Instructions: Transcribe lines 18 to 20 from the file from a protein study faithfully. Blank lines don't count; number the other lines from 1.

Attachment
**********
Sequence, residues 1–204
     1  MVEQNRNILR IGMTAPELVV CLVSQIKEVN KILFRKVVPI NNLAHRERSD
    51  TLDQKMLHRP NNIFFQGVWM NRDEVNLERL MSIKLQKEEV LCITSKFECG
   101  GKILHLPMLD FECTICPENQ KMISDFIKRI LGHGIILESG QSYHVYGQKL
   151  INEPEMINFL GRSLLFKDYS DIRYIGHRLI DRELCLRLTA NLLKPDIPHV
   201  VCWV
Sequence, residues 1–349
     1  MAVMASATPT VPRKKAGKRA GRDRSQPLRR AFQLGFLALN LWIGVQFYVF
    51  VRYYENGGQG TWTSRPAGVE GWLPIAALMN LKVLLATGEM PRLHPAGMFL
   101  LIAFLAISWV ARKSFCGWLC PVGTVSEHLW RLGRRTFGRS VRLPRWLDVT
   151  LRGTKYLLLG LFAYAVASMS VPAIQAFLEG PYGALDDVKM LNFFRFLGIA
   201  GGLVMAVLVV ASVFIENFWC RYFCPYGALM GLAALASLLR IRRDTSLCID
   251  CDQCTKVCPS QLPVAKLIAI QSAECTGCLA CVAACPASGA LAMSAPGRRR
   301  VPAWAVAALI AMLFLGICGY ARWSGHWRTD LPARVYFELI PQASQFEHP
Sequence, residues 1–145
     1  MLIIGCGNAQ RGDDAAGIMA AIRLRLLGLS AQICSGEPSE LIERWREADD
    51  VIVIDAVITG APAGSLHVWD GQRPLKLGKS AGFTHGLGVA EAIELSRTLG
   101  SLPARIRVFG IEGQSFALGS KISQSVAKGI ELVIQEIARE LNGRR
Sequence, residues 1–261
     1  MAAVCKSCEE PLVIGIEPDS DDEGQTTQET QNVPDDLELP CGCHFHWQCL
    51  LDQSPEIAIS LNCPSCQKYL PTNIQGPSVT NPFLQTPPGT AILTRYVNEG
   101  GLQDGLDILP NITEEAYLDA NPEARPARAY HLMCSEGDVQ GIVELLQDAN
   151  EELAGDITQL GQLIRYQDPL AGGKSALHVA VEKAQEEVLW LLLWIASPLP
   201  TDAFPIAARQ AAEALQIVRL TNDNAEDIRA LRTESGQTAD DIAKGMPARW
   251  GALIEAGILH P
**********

   101  SLPARIRVFG IEGQSFALGS KISQSVAKGI ELVIQEIARE LNGRR
Sequence, residues 1–261
     1  MAAVCKSCEE PLVIGIEPDS DDEGQTTQET QNVPDDLELP CGCHFHWQCL